Mar. 23, 2018 – “Boeing has become an unofficial proxy for fears about an escalating U.S.-China trade war. Investors are right to be worried.”

Let me move to my second point.

The selection of words is a powerful tool in the hands of politicians. It is really part of the skill set, just as style also helps establish a politician’s rapport with his/her “base.” In the trade debate the selection of the word deficit is a key example.

I tried this question by asking for a show of hands at the GIC conference in Salt Lake City. When I asked the audience “How many think a deficit of some type is bad?” most of the hands in the room went up. The word deficit has a pejorative connotation.

I then asked how many thought the word surplus was good. Again, most of the hands went up. I then asked the questions in reverse. Only three thought the word surplus could be bad. A similar number thought the word deficit could have a positive connotation.

Now let’s get to the economic issue. No politician stands up and says, “We have to shrink the capital account surplus.” They like to say we have to reduce the current account deficit. The term deficit is alarmist. The term surplus gives comfort.

But we’re talking about an economic identity, and so to say either one of these things is to say the same thing. The difference is how it sounds to the unskilled (in economic terms) listener.

No politician says it is “unfair” to have the money we spend abroad recycled into the US domestic economy by foreign parties buying US Treasury bills, notes, or bonds. Or by their buying American stocks or real estate or other ventures. Nope. That side of the identity is not deemed unfair.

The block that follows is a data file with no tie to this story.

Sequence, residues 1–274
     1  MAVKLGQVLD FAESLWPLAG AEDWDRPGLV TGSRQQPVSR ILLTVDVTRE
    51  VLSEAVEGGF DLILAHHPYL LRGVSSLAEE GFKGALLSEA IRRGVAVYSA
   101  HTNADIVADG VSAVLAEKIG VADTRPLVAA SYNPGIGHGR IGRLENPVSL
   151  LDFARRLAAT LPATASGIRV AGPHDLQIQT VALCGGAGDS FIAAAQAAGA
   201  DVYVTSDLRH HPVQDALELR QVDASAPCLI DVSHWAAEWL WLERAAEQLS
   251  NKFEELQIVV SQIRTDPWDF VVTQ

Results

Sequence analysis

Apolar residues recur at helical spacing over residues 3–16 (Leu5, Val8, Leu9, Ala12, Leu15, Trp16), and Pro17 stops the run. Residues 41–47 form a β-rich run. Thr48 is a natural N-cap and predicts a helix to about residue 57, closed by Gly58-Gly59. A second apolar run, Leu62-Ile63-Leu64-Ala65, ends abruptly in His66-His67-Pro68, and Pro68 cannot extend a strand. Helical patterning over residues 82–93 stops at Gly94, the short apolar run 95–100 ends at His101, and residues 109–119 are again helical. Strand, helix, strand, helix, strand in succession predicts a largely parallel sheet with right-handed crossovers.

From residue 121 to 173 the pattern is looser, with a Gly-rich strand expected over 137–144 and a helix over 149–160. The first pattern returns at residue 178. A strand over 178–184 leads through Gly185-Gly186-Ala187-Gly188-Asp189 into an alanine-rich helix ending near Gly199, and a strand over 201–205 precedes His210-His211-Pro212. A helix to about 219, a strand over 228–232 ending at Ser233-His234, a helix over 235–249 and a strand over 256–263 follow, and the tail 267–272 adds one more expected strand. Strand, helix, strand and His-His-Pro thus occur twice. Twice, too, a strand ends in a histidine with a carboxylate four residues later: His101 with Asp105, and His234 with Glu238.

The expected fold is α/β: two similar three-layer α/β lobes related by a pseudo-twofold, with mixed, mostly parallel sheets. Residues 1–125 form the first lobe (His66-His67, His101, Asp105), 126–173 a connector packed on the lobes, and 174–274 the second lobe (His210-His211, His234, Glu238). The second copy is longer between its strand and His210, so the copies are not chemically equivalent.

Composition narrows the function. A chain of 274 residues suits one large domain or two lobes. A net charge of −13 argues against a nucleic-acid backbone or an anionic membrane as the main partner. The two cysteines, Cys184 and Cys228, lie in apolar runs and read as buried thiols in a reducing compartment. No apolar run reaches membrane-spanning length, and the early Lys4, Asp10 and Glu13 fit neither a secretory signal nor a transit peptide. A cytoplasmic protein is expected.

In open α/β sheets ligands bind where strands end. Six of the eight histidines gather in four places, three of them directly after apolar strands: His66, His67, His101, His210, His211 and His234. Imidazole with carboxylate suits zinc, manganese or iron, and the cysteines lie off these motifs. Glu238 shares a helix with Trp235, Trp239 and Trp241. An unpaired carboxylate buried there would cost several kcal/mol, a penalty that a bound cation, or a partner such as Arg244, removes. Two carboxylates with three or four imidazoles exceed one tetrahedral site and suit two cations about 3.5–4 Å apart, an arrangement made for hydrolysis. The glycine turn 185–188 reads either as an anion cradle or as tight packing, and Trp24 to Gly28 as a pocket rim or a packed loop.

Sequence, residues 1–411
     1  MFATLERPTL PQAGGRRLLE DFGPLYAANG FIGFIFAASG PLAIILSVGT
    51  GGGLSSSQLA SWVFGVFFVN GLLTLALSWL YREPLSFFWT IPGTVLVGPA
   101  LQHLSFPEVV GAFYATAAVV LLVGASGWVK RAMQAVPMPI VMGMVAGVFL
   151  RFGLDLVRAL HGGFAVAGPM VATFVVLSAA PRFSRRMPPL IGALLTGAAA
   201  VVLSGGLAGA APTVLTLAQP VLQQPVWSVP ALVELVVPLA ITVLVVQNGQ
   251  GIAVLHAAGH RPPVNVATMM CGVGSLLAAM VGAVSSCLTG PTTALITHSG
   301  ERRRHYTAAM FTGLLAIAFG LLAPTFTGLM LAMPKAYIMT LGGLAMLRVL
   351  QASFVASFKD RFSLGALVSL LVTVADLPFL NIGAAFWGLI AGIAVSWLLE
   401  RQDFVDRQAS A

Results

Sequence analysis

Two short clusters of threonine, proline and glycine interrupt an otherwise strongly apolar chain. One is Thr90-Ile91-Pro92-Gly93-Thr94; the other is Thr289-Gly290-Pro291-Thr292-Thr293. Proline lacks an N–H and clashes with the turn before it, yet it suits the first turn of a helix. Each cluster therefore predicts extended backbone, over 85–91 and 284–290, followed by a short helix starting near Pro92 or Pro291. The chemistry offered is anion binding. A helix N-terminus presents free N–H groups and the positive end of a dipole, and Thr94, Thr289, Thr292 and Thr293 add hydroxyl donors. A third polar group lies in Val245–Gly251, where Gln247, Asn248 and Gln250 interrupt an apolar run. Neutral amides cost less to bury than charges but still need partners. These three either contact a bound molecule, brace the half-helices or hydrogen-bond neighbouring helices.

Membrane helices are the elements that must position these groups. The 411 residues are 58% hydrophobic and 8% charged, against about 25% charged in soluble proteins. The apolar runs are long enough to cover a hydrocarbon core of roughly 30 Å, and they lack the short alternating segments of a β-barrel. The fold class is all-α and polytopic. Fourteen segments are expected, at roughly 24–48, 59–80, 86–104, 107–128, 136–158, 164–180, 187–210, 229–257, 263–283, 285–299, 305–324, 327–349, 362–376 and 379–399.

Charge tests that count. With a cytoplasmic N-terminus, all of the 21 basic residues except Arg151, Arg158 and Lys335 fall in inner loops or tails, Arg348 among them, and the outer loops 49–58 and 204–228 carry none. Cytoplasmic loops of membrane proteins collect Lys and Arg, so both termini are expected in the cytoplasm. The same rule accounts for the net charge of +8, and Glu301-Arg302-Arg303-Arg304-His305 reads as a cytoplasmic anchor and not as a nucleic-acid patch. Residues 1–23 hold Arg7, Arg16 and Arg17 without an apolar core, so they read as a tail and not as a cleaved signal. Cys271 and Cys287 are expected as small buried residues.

But the same politician, who calls trade policy unfair and wants to shrink trade and, therefore, the current account deficit, doesn’t offer the other side of the money flows to the listener. But with an identity you cannot have it both ways. If you want the flows of foreigners to be invested in your country and its enterprises, you have to get the money to them by buying their stuff or investing in their enterprises. This is a two-way proposition.

It seems that there is more bluster about trade than there is an actual full-scale trade war. But we are not sure. These things progress, and history shows they worsen in a tit-for tat manner. History is very unkind to those who launch trade wars and trade war threats and likewise to those who respond in kind. The debate has raised risk premia in markets. When that happens, every investor and every business loses.

We again think the Blond / Brusca duo for their words, and we think readers for their responses. More is coming from us on this subject, as a trade war poses a major economic risk that is evolving. We cannot yet size up the trouble that lies ahead down a thorny and ill-advised policy path.

Today’s comments were written before the last 24 hours’ news flow.  The most recent round of China-US tariffs war is alarming. Trump’s trade policy is failing and harming the United States.

David R. Kotok
Chairman and Chief Investment Officer